There's Evidence This Vegetable Could Help Slow Down Aging

Mushrooms on your pizza, anyone? Or how about some mushroom soup? Whether you love these fungi as a regular part of your diet or prefer to steer clear of them, there's good reason for most of us to start eating more of them. These quiet culinary stars — classified as vegetables by the U.S. Department of Agriculture — boast impressively high levels of certain antioxidants that are associated with health-boosting and anti-aging properties.

Researchers at Penn State studied 13 different varieties of mushrooms and found that across the board, they contain high levels of two particular antioxidants, ergothioneine (ERGO) and glutathione (GSH). These are both thought to help counter the cell damage done by free radicals, which can accelerate aging as well as contribute to long-term health problems like heart disease, Alzheimer's disease, and even cancer (via The Healthy).

Study author Robert Beelman, PhD, told Men's Health, "Since mushrooms are a 'ball of fungi' they contain the highest amount [of ERGO], by far, in the human food chain. Many other foods contain quite small amounts of ERGO because it gets into the food chain via plants picking it up from fungi in the soil."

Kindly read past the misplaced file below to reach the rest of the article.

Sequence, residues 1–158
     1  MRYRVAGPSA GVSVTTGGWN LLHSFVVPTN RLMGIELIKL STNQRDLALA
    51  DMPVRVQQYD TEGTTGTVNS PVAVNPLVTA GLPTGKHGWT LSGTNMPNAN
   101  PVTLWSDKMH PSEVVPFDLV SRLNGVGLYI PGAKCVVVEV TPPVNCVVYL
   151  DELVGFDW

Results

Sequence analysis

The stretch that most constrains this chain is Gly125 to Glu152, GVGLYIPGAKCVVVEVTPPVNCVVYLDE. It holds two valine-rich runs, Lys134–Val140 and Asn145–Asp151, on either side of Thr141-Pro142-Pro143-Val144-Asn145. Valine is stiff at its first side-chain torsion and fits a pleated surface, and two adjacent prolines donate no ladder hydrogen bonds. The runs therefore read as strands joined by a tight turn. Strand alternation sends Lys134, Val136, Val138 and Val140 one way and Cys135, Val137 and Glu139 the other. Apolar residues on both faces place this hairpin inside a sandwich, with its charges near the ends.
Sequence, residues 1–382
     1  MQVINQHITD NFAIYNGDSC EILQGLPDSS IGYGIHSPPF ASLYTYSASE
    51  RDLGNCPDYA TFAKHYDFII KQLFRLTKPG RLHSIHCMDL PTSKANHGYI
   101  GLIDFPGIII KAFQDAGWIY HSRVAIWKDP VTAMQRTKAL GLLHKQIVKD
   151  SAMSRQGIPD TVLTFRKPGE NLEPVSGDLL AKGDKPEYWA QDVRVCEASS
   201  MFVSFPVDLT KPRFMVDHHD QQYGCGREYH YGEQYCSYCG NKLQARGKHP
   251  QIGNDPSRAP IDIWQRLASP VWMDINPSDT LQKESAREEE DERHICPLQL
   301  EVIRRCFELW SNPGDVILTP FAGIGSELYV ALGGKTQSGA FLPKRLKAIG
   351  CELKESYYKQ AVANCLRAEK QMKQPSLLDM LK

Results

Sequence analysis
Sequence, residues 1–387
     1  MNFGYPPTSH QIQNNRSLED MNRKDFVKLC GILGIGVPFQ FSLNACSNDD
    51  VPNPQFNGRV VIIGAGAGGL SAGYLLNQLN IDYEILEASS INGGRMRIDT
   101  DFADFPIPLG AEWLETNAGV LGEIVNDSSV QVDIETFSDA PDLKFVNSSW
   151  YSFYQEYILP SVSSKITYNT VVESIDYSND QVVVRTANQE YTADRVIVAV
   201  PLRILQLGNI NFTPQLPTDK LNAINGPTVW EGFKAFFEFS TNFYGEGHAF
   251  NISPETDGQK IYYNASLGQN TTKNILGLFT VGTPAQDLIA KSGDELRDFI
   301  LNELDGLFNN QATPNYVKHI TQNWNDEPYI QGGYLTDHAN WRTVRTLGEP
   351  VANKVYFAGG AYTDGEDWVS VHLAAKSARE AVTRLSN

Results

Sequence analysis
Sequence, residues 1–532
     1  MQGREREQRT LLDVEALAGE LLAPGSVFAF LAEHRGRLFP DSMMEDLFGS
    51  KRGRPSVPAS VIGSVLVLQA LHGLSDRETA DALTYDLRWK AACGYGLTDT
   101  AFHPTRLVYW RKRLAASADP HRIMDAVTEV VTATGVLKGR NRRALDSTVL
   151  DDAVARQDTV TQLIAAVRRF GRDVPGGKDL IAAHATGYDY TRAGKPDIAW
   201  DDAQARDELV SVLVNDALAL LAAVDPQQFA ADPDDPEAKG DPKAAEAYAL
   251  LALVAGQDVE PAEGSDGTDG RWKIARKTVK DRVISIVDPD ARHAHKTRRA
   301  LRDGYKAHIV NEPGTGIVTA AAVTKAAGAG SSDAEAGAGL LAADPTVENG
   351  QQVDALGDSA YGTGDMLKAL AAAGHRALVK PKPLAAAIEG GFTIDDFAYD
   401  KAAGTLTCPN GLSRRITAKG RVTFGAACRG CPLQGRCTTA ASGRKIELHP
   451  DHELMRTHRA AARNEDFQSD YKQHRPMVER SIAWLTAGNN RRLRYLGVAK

Mushrooms are a potent source of antioxidants

Mushrooms are such a concentrated source of these antioxidants that they contain nearly double the amount found in asparagus, the most potent vegetable source (via Men's Health). And while the amounts of ERGO and GSH do vary among mushroom species (with wild mushrooms, especially porcini, having the most), even humble white button mushrooms contain so much that eating just five of them a day fulfills your three-milligram recommended daily intake.

Not only that, but there is some evidence that the antioxidants found in mushrooms may not only stave off signs of physical aging, but protect mental health as well. Dr. Beelman says that "countries that have more ergothioneine in their diets—like France and Italy—also have lower incidences of neurodegenerative diseases, while people in countries like the United States, which has low amounts of ergothioneine in the diet, have a higher probability of diseases like Parkinson's and Alzheimer's" (via Well and Good).

A portobello burger for lunch sounds pretty good right now, doesn't it?